Our hips are one of the most mobile joints of the body thanks to their 'ball and socket' design. One of the primary movements of the hips is rotation. External (or lateral) rotation is facilitated by numerous muscles including the Piriformis muscle. This muscle has an interesting anatomical setup that requires some playful and purposeful isolation into order to functionally target it when stretching.
I was thinking yesterday of how experienced rock climbers (note: never actually done it myself) emulate how a yoga practice can be – highly saturated with a sense of mindful engagement and receptivity. The skill and agility applied in rock climbing requires a delightful balance of knowing how to engage regions of the body that require stabilization and strength while, at the same time, being able to remain free, open, and receptive to move through large, complex movements. Is this not what is required of us when moving on the mat?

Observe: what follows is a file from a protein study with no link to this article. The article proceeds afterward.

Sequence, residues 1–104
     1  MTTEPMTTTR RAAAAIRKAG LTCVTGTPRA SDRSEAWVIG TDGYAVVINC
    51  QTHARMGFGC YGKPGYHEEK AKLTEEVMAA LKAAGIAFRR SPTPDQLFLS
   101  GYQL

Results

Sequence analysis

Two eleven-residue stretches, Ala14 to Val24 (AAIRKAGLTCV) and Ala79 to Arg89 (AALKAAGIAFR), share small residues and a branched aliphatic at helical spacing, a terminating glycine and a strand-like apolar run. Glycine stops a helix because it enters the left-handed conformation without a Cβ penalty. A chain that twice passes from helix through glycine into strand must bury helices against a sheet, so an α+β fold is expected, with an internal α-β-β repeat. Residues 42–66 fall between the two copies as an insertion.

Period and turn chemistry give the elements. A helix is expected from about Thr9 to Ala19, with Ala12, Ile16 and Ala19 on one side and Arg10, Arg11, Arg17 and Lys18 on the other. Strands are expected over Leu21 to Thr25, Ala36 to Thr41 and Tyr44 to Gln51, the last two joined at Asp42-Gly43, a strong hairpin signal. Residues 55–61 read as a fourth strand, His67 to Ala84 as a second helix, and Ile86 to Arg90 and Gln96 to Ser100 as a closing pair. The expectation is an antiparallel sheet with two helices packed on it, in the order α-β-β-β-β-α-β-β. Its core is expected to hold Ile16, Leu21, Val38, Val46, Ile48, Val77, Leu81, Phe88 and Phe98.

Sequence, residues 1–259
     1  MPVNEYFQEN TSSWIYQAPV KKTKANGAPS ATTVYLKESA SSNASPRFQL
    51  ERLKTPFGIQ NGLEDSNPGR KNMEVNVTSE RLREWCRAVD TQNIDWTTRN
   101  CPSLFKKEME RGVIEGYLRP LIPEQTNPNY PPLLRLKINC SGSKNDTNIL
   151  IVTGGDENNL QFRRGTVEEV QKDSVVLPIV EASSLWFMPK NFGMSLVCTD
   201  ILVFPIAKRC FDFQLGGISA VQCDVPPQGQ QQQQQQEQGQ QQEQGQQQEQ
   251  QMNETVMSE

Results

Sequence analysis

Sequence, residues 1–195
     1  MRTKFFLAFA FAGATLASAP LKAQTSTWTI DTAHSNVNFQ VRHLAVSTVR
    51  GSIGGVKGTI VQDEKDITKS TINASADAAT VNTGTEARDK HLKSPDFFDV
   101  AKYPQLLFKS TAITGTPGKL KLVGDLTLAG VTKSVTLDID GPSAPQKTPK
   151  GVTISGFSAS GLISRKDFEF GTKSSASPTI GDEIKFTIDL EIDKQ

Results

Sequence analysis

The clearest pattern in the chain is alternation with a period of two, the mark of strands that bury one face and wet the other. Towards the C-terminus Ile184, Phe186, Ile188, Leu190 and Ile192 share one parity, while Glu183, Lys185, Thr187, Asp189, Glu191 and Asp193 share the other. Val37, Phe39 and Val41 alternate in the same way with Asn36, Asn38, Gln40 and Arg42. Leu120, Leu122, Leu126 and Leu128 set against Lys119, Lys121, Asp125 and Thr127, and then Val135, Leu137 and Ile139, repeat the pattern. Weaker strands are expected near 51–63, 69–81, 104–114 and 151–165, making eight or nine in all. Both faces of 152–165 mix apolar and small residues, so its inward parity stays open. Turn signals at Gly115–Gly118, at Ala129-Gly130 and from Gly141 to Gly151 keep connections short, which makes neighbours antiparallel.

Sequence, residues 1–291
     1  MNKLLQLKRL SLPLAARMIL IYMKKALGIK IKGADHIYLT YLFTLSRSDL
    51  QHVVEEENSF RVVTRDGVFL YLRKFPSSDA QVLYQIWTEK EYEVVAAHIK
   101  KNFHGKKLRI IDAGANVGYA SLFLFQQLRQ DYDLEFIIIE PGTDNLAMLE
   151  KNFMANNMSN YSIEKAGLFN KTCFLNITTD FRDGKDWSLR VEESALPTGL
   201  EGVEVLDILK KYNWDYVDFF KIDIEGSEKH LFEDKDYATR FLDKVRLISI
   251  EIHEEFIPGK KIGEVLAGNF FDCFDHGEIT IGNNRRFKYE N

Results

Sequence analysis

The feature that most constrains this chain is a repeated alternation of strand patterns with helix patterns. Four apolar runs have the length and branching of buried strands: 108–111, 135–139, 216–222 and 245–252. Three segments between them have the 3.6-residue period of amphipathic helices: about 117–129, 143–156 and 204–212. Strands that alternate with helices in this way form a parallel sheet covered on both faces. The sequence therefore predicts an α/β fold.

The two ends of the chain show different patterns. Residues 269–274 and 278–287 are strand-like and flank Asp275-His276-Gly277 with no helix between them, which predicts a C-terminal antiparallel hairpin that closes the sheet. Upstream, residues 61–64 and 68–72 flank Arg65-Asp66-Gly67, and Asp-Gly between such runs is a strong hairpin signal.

A significant and necessary shift is occurring in the yoga world where teaching is evolving from the common standardization of yoga poses towards more individualization and customization. Functional yoga anatomy explores the uniqueness and variability in body structures and mechanics, and aims to inspire students/practitioners of yoga to engage their practices with an authentic approach.
The feet are a crucial point of foundation in the majority of our yoga postures. Without discernible awareness to the foundation from our foot connection to the earth, alignment issues can readily cascade through the kinetic chain of joints that interact with our feet. By mindfully engaging our feet, we can awaken this foundation and …